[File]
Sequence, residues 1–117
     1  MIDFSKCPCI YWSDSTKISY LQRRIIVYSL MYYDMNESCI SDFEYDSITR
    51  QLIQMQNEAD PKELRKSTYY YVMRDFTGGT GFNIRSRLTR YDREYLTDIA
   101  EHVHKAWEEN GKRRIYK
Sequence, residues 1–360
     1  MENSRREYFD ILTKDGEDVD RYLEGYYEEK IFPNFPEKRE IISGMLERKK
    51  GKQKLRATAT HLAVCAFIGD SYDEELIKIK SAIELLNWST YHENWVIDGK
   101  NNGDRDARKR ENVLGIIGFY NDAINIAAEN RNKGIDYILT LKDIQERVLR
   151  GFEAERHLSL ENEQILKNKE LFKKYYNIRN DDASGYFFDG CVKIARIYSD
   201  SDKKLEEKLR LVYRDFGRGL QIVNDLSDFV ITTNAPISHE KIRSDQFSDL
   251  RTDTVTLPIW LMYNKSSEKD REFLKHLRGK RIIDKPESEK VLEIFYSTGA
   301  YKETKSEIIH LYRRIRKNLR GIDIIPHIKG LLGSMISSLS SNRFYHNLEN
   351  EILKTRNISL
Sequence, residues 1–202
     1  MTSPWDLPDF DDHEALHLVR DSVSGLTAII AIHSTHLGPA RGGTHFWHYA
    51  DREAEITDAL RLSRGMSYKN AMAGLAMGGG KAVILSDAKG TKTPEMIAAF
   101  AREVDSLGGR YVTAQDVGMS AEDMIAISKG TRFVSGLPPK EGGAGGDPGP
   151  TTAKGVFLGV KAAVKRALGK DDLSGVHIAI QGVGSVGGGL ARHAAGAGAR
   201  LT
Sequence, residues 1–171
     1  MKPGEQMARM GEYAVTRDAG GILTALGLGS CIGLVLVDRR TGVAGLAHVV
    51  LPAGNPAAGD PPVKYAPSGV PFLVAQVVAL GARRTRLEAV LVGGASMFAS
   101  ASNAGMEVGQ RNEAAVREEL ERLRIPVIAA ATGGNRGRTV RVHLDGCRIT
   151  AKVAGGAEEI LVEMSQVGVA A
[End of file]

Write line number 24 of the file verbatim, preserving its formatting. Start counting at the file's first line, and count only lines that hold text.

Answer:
   151  AKVAGGAEEI LVEMSQVGVA A